I was paying 75$ for my former spouse back in 1987. Didn't do any good for her. She died in '94.

    •  I agree that some situations are as simple (0+ / 0-)

      as active listening and coaching. Having a compassionate listener will solve many of life's thorny problems.

      However, in the mental health field lives are literally at stake. The mind/body/brain connection is complex and therapeutic mental health interventions are equally delicate.

      Advanced degrees and overhead in mental health are as expensive as any other medical profession. They warrant the professional income they command.

      If you have an advanced degree and are charging $20-$30 per session you are selling yourself short. Have you considered a sliding scale?

      "Let us not look back to the past with anger, nor towards the future with fear, but look around with awareness." James Thurber

      by annan on Thu Feb 13, 2014 at 06:34:46 AM PST

      [ Parent ]

    •  It sounds like you do counseling (0+ / 0-)

      of the "worried well" which is important but not the same as coping and helping someone with a serious disabling mental illness.

      I had experience with someone like you sound like. She discounted my history and what I know about myself. She changed my meds without tapering the old — but I didn't catch on to the danger. Then she assured me about the drug she prescribed but  I finally realized she either lied or didn't know what she was doing.

      There was more but I won't go on about it but I should have reported some of her unethical behavior.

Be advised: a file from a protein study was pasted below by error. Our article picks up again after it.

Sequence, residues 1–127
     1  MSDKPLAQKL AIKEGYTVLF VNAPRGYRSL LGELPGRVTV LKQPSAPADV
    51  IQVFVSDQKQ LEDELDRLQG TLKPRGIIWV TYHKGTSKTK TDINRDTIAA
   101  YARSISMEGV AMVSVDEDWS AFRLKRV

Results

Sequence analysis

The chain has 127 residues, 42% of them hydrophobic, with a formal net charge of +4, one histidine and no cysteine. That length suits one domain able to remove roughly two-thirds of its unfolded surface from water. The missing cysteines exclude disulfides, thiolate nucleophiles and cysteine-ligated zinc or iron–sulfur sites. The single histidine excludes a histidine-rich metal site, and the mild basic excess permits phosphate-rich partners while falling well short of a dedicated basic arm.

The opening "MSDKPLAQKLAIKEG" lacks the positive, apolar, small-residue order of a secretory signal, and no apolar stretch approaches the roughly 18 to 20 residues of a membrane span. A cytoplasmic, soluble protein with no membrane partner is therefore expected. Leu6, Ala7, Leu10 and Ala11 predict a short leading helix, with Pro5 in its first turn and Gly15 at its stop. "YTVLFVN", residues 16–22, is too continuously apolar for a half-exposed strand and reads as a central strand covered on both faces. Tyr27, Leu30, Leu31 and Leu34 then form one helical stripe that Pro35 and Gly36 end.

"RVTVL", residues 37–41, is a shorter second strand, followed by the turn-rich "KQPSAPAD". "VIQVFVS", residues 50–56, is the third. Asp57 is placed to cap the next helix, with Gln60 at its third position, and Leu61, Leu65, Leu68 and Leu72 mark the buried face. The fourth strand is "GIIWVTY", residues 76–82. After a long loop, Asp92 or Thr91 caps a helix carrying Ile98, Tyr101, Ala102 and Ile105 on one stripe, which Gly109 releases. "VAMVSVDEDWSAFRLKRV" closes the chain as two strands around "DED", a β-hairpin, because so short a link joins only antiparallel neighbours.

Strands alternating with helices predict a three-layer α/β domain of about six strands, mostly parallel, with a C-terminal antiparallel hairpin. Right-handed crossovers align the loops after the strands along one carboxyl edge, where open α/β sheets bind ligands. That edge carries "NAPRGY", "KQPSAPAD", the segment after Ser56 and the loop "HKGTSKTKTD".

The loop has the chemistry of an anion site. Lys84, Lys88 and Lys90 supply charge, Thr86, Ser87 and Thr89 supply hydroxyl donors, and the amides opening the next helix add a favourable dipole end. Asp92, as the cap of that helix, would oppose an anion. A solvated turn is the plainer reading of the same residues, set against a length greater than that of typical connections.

I don't mean to imply you are like that but I hope you know when to refer someone who needs more than what a teacher or the clergy can do.

      I'm asking you to believe. Not in my ability to bring about real change in Washington ... *I'm asking you to believe in yours.* Barack Obama

      by samddobermann on Sat Feb 15, 2014 at 12:20:05 AM PST

      [ Parent ]

      •  Thanks for sharing. (0+ / 0-)

        I'm actually an LISW-S, A Licensed Independent Social Worker with a Supervision designation. My specialization is in mental health and addiction. I have worked with some of the most ill clients there are. Especially on the addiction side where I worked with inner city clients who were addicted to crack, heroin, you name it.

        Moreover, I have a dual diagnosis, meaning I have a mental health diagnosis and am a person in recovery from addiction. There is a large correlation between the two.

        I'm sorry to hear about your experience but you do raise several important points. A good patient history is vital to a correct diagnosis which is what will dictate treatment. In addition, a clinician should always pay close attention to what their client is telling them. How else would you know if you're intervention is helping or hurting?

        It sounds to me as if you were not being treated by a well trained clinician. If it was a social worker, by all means contact the board. As a social worker I don't want poor clinicians in our profession anymore than the public does.

        I hope you are now getting the help you need and hope you are doing well. Take care.

        The truth is that there is nothing noble in being superior to somebody else. The only real nobility is in being superior to your former self. -Whitney Young